In an abrupt Trump administration shakeup, Videk Murthy, the U.S. Surgeon General appointed by former President Obama in 2014 was removed from his post last Friday, but the result was the interim installation of Deputy Surgeon General, Rear Adm. Sylvia Trent-Adams into the position.

She becomes the fourth African-American — and third Black woman — to serve in the position of Surgeon General, following Joycelyn Elders, David Satcher and Regina Benjamin. She is also the first Black nurse to hold the job. But she comes with an impressive background worth knowing about.

  1. She is a 25-year veteran of the U.S. Public Health Service. Trent-Adams grew up on a farm in Concord, Va., and started out as a candy striper at a local hospital, delivering mail to patients. That got her interested in a nursing career. She started with the USPHS in 1992 after serving in the Army as a nurse officer, according to the Health and Human Services website. She had also worked as a cancer research nurse at the University of Maryland. From November 2013 through May 2016, she served as the Chief Nurse Officer of the USPHS.
  2. Her resume is broad and full of accomplishments. She attended Hampton University on an ROTC scholarship, later got her masters degree from the University of Maryland, Baltimore and her doctorate from University of Maryland, Baltimore County. After her Army tenure ended she joined the Commissioned Corps of the USPHS. She has also been deputy associate administrator in the HIV/AIDS Bureau of the Department of Health and Human Services, helping to manage the Ryan White HIV/AIDS program. In addition, she has served as guest lecturer at the University of Maryland and Hampton University, and as the Chair of the Federal Public Health Nurse Leadership Council, and the Federal Nursing Service Council.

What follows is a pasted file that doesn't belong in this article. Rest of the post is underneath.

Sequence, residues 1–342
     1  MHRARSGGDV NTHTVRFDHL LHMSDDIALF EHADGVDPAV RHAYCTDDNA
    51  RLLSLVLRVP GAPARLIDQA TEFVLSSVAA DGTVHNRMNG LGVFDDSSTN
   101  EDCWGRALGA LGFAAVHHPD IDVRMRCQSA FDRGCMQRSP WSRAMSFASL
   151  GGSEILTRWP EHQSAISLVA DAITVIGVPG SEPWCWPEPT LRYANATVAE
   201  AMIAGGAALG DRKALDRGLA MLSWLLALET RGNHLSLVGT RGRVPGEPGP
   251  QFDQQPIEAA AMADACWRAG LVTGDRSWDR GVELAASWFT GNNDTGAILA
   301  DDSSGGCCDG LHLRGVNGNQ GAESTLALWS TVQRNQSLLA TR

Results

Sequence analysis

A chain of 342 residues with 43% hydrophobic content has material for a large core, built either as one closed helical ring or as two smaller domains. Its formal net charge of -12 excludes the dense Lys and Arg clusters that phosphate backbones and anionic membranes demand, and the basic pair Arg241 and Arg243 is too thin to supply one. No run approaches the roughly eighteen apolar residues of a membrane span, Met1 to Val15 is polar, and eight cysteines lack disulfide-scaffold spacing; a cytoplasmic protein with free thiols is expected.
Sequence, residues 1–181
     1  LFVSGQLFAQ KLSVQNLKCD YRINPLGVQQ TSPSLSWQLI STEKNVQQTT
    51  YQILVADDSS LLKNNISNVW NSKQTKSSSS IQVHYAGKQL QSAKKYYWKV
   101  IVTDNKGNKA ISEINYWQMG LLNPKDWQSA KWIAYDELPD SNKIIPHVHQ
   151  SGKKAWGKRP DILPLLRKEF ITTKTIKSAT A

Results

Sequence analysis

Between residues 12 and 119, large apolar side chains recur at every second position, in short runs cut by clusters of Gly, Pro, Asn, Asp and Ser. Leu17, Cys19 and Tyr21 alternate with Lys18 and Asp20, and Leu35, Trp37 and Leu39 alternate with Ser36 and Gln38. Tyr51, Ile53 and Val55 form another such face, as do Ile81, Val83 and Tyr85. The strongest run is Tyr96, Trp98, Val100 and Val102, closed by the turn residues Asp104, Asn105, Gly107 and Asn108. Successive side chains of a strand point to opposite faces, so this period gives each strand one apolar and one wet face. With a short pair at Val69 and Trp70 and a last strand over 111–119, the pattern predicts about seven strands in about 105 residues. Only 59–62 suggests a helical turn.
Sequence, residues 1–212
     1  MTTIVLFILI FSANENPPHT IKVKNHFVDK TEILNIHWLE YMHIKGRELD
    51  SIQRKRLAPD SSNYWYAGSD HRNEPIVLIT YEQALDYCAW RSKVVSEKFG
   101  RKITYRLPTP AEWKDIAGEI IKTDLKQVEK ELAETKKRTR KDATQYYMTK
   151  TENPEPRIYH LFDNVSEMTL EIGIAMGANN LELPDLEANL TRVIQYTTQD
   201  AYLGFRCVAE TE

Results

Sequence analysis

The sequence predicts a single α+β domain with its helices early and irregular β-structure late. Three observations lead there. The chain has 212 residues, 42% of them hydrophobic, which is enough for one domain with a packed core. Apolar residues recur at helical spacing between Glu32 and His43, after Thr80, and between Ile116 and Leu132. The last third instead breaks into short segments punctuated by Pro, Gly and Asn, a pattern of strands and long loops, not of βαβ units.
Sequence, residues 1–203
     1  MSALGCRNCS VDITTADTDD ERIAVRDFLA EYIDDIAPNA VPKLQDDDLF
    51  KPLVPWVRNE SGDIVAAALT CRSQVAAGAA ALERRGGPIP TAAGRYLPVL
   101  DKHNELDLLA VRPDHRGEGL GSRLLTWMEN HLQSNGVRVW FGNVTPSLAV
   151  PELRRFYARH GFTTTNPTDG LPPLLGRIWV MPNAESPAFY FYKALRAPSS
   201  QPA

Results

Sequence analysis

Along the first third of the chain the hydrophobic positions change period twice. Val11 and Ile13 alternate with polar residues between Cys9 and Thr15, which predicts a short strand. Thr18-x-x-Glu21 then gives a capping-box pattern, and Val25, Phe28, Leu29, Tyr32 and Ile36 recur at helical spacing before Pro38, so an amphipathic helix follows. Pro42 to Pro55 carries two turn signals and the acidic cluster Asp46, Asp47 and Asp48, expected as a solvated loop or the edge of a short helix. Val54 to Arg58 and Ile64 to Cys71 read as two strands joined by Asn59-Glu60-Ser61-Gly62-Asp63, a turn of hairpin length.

3. She was influenced by how she saw patients were being treated. Little was known about HIV/AIDS early in Trent-Adams career and she recalled a man who had the disease being mistreated by a hospital employee who slid a tray of food across the floor to him instead of handing it to him. “No one deserves to be treated like that,” she told the Appomattox Times-Virginian. “I have had very interesting assignments in my career. They have not always been pleasant, but I have learned from them.”
  4. She is a supporter of the Affordable Care Act. Pertaining to the field of nursing, Trent-Adams has said it puts nurses in a position to have an impact that they had not had prior to the passage of the policy. “We can be involved in many ways: clinically, with creating policy, at the bedside, and creating innovative strategies,” she said in a 2014 interview with the American Journal of Nursing. “Nurses bring common sense to solving problems, which has not been recognized enough. Nurses spend more time with the patient than any other health care provider.”